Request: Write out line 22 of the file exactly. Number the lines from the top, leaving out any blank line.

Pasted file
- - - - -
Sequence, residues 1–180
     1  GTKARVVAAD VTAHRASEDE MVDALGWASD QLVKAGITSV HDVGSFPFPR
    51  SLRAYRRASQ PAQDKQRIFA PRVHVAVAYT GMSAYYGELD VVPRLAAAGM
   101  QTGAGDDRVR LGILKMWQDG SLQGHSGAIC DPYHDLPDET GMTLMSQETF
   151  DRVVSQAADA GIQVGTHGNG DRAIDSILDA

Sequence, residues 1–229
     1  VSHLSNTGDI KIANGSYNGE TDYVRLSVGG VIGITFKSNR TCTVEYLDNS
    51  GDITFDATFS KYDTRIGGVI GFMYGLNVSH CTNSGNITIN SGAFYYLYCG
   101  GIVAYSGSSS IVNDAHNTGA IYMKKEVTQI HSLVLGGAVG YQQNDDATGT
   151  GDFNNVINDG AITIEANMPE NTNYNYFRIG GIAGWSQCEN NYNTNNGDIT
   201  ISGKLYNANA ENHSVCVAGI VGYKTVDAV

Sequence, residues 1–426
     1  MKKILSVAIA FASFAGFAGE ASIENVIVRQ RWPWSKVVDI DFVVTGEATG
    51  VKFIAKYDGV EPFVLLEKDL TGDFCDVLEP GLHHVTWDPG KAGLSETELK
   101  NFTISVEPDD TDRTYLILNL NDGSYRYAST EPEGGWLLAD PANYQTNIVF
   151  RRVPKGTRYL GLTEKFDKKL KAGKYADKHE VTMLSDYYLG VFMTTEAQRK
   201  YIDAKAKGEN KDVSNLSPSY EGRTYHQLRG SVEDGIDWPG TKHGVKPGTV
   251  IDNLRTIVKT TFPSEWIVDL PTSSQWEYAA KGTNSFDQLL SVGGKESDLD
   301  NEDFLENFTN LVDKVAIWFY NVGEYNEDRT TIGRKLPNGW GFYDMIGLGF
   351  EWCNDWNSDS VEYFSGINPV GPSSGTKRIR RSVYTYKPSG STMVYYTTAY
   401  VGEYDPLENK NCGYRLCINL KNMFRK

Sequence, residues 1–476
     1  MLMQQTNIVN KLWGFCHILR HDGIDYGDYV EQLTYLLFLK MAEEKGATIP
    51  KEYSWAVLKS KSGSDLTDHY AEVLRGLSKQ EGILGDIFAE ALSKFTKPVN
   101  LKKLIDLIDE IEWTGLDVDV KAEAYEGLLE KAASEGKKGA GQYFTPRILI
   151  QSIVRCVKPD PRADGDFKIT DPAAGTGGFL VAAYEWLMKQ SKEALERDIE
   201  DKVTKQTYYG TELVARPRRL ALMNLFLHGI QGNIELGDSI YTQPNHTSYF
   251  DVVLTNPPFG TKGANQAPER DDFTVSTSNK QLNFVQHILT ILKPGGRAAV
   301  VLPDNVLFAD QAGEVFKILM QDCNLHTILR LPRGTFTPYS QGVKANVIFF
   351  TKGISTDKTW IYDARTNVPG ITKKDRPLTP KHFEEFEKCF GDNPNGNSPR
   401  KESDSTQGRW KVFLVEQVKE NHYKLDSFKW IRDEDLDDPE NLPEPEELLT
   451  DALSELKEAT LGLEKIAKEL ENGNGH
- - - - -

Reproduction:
Sequence, residues 1–476